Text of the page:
Date of Graduation
Doctor of Philosophy in Business Administration (PhD)
Second Committee Member
ego network analysis, habitus, social class, social networks, sociocultural
Organizations are a key venue where individuals from different backgrounds have the opportunity to interact and yet we know very little about how social class background shapes interactions within the workplace. There is reason to believe that the differing value systems of social class groups influence their attitudes and behavior towards workplace connections and relationship formation. This article considers how social class background affects organizational social networks as well as the class-distinct values and attitudes that shape networking behavior of employees. To study this phenomena, I analyze a sample of 490 employees from a broad range of roles and organizations across the United States to find that (a) the attitudes toward networking and openness to friendship vary by class groups and mediate social class’s effect on network outcomes; (b) social class background does not appear to affect degree centrality but does affect class composition; and (c) social class mobility and institutional agency moderate these relationships. Additionally, I provide quantitative support that the middle social class hold central positions within organizations, particularly in connecting the lower and upper social class to one another, and thus merit more careful consideration by organizations and in future research.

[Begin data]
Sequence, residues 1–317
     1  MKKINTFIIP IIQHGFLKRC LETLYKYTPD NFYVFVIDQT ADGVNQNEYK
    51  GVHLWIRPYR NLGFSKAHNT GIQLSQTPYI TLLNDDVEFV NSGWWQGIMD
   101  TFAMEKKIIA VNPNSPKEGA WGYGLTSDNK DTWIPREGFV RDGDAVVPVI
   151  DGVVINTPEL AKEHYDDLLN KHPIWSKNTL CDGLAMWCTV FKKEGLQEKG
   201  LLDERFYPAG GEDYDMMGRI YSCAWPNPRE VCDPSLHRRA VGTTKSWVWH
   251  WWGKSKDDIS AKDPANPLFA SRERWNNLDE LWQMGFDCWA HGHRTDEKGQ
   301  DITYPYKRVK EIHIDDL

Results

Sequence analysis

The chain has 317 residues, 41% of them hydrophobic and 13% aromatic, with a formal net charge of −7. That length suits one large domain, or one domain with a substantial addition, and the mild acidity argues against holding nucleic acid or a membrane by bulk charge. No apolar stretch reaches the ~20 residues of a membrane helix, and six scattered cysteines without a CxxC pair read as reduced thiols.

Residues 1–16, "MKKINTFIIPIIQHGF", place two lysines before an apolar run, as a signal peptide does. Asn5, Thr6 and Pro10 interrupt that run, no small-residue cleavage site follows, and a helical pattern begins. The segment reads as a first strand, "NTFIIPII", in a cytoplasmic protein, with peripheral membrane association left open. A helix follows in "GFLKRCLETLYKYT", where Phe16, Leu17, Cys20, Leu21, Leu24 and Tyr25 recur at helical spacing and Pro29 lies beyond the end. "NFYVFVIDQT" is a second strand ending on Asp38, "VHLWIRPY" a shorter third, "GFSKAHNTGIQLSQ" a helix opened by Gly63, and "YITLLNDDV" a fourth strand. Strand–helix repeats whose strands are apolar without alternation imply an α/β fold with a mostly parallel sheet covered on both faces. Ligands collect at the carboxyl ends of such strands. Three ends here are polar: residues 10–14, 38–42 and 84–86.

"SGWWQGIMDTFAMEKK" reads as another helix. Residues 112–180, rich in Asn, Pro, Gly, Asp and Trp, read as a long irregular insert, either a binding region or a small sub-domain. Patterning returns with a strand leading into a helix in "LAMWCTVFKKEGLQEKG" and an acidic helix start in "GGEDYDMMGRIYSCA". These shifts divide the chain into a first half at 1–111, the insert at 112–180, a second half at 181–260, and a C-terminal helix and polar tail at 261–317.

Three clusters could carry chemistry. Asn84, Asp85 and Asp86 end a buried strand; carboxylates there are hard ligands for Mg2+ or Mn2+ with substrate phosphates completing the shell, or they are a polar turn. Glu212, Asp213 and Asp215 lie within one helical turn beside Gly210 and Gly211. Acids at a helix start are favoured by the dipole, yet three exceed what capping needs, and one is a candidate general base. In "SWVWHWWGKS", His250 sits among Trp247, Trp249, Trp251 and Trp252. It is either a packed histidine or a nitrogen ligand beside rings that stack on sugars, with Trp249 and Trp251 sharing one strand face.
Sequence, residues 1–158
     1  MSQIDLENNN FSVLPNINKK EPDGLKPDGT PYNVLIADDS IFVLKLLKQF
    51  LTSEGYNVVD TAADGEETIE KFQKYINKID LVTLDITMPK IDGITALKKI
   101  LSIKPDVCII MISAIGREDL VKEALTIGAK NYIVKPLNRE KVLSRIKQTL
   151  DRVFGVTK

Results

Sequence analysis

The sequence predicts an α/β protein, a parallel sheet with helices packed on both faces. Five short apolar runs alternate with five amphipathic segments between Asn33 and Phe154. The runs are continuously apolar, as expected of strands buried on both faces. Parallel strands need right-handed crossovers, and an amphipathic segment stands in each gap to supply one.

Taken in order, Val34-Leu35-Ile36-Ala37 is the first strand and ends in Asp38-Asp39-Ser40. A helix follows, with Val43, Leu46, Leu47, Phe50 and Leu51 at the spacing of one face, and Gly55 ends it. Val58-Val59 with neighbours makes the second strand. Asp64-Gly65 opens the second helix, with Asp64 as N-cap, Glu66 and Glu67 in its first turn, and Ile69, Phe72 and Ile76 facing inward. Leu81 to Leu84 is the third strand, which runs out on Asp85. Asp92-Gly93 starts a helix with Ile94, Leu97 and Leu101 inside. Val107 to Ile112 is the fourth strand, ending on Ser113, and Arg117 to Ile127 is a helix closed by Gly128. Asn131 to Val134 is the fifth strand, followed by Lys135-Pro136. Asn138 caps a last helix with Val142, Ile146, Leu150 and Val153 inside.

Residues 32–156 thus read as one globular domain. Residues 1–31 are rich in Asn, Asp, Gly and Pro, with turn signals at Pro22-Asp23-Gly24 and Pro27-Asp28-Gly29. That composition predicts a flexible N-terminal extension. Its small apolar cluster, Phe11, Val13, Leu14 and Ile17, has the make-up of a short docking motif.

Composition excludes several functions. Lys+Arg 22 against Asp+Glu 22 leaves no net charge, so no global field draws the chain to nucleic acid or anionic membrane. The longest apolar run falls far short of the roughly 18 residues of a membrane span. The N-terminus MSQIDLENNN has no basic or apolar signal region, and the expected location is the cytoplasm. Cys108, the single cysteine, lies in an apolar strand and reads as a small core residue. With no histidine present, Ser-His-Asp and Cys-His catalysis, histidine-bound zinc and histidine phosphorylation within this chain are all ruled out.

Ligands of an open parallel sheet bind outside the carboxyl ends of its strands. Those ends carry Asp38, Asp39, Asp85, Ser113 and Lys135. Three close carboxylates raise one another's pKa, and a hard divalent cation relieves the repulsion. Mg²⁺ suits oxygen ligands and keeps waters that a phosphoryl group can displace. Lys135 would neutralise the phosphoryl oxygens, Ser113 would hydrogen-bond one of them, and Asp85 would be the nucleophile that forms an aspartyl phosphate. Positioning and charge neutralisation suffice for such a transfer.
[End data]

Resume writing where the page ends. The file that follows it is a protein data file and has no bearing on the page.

Tilton, J. (2019). Social Class and Social Networks: How Sociocultural Upbringing Affects Organizational Social Networks. Graduate Theses and Dissertations Retrieved from https://scholarworks.uark.edu/etd/3293